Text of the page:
The plot was initially hard to follow as it twists and turns in such a way that you know someone is up to something, but you’re not exactly sure what is afoot right up until the end when Bridgette Van Kamp’s sordid past and Cassidy’s ‘shining’ future is revealed.

The humour is, for the most part, completely inappropriate but also indiscriminate, targeting Jews, Nazis, homosexuals, Germans, mothers, fathers, and children, and the cast make no apology for this in their performance. Christopher Bryant’s physicality as well as his timing resulted in him delivering some of the show’s most controversial lines, jokes about incinerators and death camps, with comedic flair.

Daniel Lammin, the director, had warned us of some late changes due to unforeseen technical difficulties; the only thing I noticed was how smooth the lighting, scene and sound transitions were given the small number of people in the performance group. It was at times hard to hear, partly because of the acoustics of such a large room, partly the competing noise from the rest of the convent and partly the German accents.

For me Ashleigh Goodson stole the show, which was no mean feat given the strength of the other performers and the seemingly superfluous role that her character played. However it was Ada, and in turn Goodson’s portrayal of the character, that enabled me to slowly put together what appeared to be random schizophrenic conversations.

With good acting, bad characters and a completely bizarre storyline, it is definitely worth keeping an eye out for any future runs of Third Reich Mommie.

Venue: Abbotsford Convent, Rosina Auditorium CBD

Season: 16 – 25th January 2014

Review: APARTMENTOCALYPSE! for MICF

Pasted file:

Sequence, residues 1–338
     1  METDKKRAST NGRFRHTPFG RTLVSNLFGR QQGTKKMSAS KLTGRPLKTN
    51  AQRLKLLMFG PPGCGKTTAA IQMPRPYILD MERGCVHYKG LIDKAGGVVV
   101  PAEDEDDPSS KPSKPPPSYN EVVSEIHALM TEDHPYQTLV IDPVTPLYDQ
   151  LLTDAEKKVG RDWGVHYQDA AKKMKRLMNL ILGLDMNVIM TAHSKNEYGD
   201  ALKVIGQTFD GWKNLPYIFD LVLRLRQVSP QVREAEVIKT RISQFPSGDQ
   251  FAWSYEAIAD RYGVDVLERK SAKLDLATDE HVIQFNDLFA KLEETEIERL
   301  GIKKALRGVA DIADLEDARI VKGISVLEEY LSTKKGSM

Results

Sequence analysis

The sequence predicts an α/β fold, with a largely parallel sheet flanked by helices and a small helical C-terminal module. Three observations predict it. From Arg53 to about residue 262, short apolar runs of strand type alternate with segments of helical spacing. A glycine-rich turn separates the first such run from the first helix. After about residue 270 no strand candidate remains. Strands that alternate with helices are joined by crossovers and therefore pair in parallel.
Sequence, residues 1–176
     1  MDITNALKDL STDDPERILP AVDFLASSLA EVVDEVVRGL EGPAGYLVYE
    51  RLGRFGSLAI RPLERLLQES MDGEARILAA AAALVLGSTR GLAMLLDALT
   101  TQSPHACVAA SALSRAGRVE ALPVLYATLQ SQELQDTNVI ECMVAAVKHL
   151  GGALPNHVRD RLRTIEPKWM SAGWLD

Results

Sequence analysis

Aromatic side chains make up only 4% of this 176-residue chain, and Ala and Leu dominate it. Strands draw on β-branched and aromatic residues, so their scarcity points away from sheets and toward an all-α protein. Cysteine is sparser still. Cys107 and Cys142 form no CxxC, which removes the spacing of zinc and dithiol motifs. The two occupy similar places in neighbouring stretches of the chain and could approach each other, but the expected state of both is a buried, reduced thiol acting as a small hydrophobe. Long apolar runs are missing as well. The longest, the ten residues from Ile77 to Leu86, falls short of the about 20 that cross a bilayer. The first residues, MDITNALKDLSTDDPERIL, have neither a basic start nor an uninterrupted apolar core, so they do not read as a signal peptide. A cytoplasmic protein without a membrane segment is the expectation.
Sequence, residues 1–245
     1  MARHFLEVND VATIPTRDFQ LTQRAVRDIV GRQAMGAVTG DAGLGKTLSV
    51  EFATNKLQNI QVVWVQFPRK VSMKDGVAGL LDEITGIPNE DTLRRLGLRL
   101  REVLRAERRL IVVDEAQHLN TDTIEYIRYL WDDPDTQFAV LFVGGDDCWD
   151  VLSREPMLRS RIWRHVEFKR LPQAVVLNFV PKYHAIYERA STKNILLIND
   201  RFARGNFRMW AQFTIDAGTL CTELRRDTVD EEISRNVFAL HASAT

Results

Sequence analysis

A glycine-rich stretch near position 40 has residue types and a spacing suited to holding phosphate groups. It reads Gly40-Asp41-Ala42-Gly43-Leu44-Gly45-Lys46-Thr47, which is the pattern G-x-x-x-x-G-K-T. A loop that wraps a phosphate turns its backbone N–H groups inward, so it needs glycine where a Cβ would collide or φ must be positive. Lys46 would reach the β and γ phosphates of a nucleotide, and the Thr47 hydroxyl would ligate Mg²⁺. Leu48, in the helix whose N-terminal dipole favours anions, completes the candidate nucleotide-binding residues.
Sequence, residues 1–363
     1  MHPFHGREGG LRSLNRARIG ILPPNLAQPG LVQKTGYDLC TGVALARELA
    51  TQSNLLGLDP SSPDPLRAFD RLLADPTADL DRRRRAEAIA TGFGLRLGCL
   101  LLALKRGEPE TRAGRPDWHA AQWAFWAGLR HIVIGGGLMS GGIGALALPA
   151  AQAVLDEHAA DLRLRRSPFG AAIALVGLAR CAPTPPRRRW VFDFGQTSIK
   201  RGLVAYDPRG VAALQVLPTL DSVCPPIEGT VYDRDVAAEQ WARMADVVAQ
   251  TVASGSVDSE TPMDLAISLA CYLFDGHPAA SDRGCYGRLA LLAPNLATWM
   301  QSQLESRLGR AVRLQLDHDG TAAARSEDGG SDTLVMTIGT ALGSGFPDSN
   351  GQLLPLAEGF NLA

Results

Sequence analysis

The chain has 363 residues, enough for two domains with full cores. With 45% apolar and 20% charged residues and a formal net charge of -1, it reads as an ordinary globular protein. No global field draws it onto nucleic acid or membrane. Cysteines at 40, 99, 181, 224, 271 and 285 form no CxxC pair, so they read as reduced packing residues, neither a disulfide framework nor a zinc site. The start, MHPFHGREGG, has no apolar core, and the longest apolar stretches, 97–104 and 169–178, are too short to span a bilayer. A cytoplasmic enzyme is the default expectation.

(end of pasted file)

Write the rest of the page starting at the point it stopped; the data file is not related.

Low-key comedy of epic proportions!

By Myron My

As part of the Melbourne International Comedy Festival, Apartmentocalypse!  has us witnessing the world’s end. Yes, Armageddon is happening right now and three housemates, Thomas (Eden Porter), Martin (Michael Kalenderian) and Rob (Joshua Porter), are trying to figure out what to do next.

Apartmentocalypse

There is a level of ridiculous normality amidst this end of the world, as they still find time to argue about who is responsible for paying the rent and which mugs people have been drinking tea from. With three very distinct personalities on display – new-age Rob, wet-behind-the-ears Thomas and manly Martin – there is always a risk of playing to stereotypes whereby you lose the emotion and the realness of the people but the three actors play their characters so well and honestly that this is avoided and you care about these guys.

There are familiar shades of Shaun of the Dead-style humour present but the distinct comedic timing and high energy that the three possess under Christopher Bryant‘s direction allows this show to break free from this comparison. Particular mention goes to Eden Porter’s hilarious exaggerated expressions that truly were a sight to behold.

This is a tightly-written script that rarely wavers in its comic drive and rewards the audience with call backs referenced throughout, a sign that much time and effort has been put in here. Likewise with the set design, where the smallest touches has been added to create authenticity in the living room and some imaginative use of the lighting at various moments.

Apartmentocalypse! delivers the laughs and recommended for anyone who is looking to enjoy something other than stand-up at this year’s festival. In fact, Apartmentocalypse! reminds me very much of a normal share-house meeting – with the added bonus of the end of the world. And also a very good reason why I insist that all my DVDs remain in alphabetical order at all times.

Venue: The Tuxedo Cat, 17-23 Wills Street, Melbourne

Season: Until 21 April | Thurs-Sat, Mon-Tues 7:15pm, Sun 6:15pm

Tickets: $20 Full | $16 Concession

Bookings: http://www.tuxedocat.com.au or at the door